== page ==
In the Trump family, 37-year-old Ivanka Trump and 41-year-old Donald Trump Jr. have radically different approaches when it comes to promoting right-wing politics: while Ivanka has been trying to position herself as an intellectual conservative and generally avoids the crude, in-your-face approach of her father, her older brother is more than happy to throw red meat to the worst parts of the GOP base — and Marianne Levine, in a report for Politico, describes the ways in which Donald Trump, Jr. has been firing up that base on the campaign trail.
Levine explains that when President Donald Trump is unavailable for a reelection campaign event, the base often considers his son a very good substitute. And when Trump Jr., like his father, engages in “trolling,” hardcore Trumpistas welcome it.
Matt Mackowiak, president of the right-wing consulting firm Potomac Strategy Group, told Politico that Donald Trump Jr. “loves responding — you might want to even say trolling — on a more active basis. Because he’s more current, he can use modern-day tactics, understands how to make a sharp argument, understands how to sort of cheekily criticize someone, sort of demonstrate a clever but cutting approach. In a way, it’s almost like he’s a next-generation model.”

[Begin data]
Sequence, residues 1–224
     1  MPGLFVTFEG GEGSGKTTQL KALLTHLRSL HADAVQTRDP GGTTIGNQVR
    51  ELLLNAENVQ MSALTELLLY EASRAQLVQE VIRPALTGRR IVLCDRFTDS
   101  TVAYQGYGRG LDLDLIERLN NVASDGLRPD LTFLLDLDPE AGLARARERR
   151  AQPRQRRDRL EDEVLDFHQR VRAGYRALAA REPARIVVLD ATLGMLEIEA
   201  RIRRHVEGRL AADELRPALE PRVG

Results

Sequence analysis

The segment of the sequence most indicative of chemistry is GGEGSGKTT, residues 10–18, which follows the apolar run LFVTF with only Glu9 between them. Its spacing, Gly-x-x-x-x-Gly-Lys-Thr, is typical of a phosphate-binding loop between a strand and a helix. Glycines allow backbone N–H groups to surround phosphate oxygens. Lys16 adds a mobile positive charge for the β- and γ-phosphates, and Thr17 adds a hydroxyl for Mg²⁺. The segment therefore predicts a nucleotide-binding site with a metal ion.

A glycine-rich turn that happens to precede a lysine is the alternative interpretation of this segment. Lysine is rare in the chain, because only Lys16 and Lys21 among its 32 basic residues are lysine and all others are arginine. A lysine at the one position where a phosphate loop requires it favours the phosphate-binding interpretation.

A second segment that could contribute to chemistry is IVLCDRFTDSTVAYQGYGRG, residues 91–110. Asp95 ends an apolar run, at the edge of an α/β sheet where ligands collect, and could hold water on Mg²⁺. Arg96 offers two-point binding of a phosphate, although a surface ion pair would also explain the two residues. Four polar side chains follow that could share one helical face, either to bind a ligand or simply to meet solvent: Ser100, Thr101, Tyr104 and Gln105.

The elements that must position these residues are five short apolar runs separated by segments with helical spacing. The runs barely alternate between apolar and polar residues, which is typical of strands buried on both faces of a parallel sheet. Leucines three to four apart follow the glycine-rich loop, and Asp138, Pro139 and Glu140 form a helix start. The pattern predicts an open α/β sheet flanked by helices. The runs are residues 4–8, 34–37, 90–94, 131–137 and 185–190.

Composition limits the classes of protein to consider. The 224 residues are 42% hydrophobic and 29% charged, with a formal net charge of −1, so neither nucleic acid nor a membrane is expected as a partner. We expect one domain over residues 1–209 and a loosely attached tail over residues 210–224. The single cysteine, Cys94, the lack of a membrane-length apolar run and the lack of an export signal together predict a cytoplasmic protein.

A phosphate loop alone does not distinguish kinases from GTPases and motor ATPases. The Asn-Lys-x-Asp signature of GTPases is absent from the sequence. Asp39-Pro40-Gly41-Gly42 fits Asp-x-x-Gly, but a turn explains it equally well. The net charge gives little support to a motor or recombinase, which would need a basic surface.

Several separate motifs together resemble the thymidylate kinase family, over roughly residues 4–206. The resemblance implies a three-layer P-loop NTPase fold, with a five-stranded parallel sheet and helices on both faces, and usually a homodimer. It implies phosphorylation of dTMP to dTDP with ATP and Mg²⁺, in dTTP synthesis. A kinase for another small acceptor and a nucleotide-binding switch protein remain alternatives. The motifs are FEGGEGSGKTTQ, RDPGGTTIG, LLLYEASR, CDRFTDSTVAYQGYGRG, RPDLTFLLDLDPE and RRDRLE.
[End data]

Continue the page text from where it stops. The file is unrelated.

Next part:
South Carolina Sen. Lindsey Graham, who was once a vehement critic of President Trump but is now an obsequious sycophant, described Trump Jr. as “very helpful” and told Politico that he “brings a lot of energy” and is “out there fighting for his father and his agenda.”
An anonymous source identified by Levine as “close to Trump Jr.” told Politico that he can be even more in-your-face than his father — which can cause problems at times.
“I think he goes a little bit edgier than his father does, and edgier isn’t always better,” that source told Politico. “It can create a bad news cycle. When his father creates a bad news cycle, it’s by design.”
Much like his father, Trump Jr. is a polarizing figure — and while his presence can excite the base in red states, Levine reports that it could prove detrimental in swing states or blue states.
One such blue state is Maine, where four-term Republican Sen. Susan Collins is considered vulnerable in 2020. When Politico asked Collins if she would welcome Trump Jr.’s help, she replied, “That’s a very premature question because I haven’t made my own decision yet.”
Collins said of Trump Jr.’s participation in his father’s campaign, “I didn’t even know he was playing a role in the 2020 elections.”